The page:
Electronic Materials Letters

, Volume 14, Issue 3, pp 357–362 | Cite as

Photoresponse and Field Effect Transport Studies in InAsP–InP Core–Shell Nanowires

  • Rochelle Lee
  • Min Hyeok Jo
  • TaeWan Kim
  • Hyo Jin Kim
  • Doo Gun Kim
  • Jae Cheol ShinEmail author


A ternary InAsyP1−y alloy is suitable for an application to near-infrared (NIR) optical devices as their direct bandgap energy covers the entire NIR band. A nanowire (NW) system allows an epitaxial integration of InAsyP1−y alloy on any type of substrate since the lattice mismatch strain can be relieved through the NW sidewall. Nevertheless, the very large surface to volume ratio feature of the NWs leads to enormous surface states which are susceptible to surface recombination of free carriers. Here, ternary InAs0.75P0.25 NWs are grown with InP passivation layer (i.e., core–shell structure) to minimize the influence of the surface states, thus increasing their optical and electrical properties. A photoresponse study was achieved through the modeled band structure of the grown NWs. The model and experimental results suggest that 5-nm-thick InP shell efficiently passivates the surface states of the InAs0.75P0.25 NWs. The fabricated core–shell photodetectors and field-effect transistors exhibit improved photoresponse and transport properties compared to its counterpart core-only structure.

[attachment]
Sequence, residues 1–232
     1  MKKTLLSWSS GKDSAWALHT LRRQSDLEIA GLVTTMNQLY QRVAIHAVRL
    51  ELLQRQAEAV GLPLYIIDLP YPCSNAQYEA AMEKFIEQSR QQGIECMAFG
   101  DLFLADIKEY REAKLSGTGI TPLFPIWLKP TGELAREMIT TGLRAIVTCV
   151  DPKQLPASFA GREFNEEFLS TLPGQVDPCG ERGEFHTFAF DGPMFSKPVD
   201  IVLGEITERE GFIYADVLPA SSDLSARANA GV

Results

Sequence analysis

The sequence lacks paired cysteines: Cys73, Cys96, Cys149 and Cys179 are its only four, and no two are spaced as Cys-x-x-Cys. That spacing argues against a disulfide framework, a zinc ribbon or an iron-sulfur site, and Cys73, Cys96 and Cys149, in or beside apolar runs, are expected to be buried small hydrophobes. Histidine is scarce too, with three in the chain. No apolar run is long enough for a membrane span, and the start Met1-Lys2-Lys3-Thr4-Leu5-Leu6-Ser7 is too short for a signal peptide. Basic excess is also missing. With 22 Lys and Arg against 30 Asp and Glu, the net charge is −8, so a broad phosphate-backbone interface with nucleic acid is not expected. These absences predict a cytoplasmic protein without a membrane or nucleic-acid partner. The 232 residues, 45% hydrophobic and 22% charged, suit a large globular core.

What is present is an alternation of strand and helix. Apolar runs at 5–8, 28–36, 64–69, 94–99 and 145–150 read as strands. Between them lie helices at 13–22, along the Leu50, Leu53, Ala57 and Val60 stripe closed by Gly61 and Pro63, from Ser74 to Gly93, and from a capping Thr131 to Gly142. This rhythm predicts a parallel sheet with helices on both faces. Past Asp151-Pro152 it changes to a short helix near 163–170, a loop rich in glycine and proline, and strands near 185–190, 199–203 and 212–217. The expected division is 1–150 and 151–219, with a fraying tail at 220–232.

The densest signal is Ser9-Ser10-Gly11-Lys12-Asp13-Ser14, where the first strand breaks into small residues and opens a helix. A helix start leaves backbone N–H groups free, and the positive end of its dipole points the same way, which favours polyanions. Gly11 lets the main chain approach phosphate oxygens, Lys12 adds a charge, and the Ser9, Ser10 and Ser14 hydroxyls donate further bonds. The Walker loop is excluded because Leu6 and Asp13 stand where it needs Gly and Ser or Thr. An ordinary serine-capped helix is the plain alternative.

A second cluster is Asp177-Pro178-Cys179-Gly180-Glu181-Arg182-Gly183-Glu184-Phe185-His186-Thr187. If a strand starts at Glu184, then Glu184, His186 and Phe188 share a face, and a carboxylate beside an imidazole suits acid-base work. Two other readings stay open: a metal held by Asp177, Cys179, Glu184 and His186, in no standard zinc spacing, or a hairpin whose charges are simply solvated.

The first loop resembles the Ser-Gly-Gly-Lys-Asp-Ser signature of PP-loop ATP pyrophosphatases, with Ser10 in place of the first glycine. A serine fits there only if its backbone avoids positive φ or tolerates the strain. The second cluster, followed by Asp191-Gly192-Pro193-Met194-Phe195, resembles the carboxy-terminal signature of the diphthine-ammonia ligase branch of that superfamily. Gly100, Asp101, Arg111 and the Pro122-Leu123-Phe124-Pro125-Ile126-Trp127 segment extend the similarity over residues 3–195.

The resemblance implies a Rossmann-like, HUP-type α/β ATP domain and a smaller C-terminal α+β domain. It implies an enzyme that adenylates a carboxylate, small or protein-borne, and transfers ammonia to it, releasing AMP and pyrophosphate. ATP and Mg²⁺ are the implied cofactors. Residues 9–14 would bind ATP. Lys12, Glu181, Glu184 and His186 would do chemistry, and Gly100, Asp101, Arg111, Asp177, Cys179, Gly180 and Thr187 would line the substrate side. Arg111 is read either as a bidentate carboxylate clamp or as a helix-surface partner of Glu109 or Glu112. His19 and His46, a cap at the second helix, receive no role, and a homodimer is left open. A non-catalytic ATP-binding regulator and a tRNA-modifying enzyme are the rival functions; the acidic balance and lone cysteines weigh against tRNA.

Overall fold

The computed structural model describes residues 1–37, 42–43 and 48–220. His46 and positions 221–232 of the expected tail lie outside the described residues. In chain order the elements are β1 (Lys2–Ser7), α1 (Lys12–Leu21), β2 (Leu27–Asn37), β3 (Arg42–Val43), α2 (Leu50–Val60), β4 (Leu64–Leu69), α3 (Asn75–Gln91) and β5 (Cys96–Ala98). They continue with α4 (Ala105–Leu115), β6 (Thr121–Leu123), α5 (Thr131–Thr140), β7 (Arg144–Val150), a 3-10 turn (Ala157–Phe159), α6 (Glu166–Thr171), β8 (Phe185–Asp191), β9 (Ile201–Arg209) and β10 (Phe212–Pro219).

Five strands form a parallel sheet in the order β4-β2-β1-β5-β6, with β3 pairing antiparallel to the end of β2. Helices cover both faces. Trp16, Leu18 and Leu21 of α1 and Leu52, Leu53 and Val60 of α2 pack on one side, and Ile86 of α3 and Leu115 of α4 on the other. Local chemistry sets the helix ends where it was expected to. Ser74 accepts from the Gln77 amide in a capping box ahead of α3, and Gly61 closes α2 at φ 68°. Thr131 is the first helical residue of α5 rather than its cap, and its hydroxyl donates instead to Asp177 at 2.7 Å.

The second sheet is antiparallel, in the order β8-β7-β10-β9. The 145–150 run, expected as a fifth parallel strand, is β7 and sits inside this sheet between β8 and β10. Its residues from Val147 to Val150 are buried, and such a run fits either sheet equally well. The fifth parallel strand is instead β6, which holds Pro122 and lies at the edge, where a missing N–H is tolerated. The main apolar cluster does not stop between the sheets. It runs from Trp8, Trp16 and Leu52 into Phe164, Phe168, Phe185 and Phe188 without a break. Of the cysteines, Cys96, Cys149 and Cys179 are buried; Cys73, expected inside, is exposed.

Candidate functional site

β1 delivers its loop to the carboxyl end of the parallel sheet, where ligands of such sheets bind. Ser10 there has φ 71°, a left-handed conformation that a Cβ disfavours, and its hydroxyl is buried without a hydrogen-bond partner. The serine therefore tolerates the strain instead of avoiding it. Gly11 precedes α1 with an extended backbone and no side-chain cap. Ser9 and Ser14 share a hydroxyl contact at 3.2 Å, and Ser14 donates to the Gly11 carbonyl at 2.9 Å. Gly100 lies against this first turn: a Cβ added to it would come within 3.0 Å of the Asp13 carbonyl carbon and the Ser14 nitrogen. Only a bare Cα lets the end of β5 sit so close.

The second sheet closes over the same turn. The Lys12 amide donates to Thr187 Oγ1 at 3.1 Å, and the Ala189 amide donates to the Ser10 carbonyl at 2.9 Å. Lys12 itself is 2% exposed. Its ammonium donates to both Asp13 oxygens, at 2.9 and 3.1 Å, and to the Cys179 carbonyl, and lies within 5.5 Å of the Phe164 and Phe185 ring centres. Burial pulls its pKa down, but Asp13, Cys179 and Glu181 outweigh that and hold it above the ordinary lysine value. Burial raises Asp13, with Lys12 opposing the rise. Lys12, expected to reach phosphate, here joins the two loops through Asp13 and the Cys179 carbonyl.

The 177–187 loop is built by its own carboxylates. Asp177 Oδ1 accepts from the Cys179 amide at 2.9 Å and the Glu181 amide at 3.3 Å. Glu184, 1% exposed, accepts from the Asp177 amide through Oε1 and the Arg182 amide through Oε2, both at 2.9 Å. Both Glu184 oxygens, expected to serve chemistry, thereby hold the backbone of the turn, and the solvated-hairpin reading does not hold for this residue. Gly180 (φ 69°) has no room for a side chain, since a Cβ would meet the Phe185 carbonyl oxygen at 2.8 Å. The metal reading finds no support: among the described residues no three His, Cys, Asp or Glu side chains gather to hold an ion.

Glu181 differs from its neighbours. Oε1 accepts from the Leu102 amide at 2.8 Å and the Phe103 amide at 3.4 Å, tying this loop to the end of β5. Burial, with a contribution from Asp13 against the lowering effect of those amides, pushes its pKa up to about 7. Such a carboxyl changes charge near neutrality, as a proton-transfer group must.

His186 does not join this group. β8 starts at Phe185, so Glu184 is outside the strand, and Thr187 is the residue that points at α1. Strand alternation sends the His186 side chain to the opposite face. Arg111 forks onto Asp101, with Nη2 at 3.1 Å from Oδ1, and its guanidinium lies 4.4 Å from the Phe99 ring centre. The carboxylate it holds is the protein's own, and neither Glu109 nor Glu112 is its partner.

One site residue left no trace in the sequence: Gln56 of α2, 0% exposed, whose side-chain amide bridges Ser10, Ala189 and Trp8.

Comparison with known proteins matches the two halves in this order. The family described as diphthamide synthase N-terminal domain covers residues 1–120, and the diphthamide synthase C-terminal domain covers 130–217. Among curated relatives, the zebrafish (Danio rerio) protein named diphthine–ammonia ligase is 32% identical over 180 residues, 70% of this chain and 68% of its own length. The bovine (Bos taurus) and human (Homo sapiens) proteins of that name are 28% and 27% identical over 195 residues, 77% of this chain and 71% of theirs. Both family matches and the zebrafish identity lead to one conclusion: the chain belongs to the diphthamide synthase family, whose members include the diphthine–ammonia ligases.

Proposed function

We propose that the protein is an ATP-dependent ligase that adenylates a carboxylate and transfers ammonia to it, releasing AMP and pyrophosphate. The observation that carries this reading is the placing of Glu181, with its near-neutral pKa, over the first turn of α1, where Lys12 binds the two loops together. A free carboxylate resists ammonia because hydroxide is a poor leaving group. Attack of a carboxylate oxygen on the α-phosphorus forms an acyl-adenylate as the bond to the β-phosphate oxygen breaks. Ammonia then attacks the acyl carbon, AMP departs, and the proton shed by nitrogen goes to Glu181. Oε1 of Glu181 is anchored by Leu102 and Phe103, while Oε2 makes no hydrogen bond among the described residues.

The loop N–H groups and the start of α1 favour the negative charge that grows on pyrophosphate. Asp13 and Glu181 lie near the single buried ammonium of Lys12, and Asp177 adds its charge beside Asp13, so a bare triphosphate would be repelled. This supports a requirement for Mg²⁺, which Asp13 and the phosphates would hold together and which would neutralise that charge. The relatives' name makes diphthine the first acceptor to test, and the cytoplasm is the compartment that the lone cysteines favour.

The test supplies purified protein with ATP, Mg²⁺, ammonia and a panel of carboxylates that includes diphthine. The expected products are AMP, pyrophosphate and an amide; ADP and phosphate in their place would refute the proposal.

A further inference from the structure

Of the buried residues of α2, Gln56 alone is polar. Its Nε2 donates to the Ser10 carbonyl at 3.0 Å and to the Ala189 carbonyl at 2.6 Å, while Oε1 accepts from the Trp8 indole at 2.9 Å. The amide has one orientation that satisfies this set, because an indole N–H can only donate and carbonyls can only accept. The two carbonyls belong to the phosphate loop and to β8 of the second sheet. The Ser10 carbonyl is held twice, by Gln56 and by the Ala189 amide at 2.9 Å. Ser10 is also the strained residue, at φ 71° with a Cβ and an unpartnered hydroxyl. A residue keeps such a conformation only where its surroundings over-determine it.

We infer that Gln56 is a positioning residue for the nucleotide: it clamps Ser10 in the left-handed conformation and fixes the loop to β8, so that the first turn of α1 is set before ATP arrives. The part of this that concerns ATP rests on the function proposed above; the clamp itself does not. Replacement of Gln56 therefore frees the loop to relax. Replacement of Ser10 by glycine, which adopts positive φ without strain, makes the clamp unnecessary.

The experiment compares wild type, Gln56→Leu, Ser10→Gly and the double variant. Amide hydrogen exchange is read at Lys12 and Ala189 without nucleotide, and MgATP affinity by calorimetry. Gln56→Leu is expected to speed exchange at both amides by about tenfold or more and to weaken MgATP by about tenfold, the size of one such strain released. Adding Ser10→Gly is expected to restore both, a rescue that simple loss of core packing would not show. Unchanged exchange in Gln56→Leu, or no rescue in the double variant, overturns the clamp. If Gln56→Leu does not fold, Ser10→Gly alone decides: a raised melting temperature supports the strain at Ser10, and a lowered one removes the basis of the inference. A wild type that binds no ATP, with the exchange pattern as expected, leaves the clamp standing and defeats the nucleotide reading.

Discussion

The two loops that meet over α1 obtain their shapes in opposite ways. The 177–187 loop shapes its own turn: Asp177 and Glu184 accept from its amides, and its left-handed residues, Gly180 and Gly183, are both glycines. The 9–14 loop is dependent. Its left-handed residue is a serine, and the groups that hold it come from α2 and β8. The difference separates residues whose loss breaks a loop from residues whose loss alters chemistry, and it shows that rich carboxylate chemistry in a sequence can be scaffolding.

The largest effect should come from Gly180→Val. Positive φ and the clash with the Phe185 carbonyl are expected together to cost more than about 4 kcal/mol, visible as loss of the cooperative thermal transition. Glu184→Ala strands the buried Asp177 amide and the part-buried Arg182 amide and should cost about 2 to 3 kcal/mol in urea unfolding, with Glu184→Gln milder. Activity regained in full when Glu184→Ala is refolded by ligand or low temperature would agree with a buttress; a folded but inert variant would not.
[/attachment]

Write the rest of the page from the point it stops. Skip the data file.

InAsP III–V semiconductor Nanowires Passivation Core–shell structure 



This work was supported by the National Research Foundation of Korea (NRF-2017R1C1B2010906 and NRF-2017M1A2A2048904) and was a part of the project titled ‘Development of real-time measuring system of basic environment for the water quality monitoring of the aquaculture farm,’ funded by the Ministry of Oceans and Fisheries, Korea (No. 20150303).


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Copyright information

© The Korean Institute of Metals and Materials 2018

Authors and Affiliations

  • Rochelle Lee
    • 1
  • Min Hyeok Jo
    • 1
  • TaeWan Kim
    • 2
  • Hyo Jin Kim
    • 3
  • Doo Gun Kim
    • 3
  • Jae Cheol Shin
    • 1
    Email author
  1. 1.Department of PhysicsYeungnam UniversityGyeongsanRepublic of Korea
  2. 2.Advanced Instrumentation InstituteKorea Research Institute of Standards and Science (KRISS)DaejeonKorea
  3. 3.Korea Photonics Technology Institute (KOPTI)GwangjuRepublic of Korea

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